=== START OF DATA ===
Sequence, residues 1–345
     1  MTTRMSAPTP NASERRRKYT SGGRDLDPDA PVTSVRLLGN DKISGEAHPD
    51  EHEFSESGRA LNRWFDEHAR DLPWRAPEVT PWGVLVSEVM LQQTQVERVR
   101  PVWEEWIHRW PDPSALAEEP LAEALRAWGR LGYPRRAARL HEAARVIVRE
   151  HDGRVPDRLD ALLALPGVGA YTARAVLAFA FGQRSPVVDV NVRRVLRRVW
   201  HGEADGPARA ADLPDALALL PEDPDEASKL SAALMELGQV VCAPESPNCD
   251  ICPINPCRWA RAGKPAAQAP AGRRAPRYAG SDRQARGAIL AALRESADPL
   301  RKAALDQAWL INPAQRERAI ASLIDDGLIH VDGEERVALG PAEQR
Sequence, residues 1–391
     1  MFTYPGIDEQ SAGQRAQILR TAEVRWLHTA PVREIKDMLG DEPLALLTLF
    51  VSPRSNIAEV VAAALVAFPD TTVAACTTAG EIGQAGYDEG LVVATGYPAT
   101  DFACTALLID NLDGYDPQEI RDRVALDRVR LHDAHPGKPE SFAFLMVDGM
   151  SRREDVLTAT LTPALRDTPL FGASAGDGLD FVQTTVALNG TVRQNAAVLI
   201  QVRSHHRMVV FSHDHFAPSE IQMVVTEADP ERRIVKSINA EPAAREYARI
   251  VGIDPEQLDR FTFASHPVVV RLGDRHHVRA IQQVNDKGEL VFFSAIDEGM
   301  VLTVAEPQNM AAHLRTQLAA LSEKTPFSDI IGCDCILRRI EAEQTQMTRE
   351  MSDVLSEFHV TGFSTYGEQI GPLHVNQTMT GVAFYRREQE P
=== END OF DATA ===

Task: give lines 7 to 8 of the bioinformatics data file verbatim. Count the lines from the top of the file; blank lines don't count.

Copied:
   251  ICPINPCRWA RAGKPAAQAP AGRRAPRYAG SDRQARGAIL AALRESADPL
   301  RKAALDQAWL INPAQRERAI ASLIDDGLIH VDGEERVALG PAEQR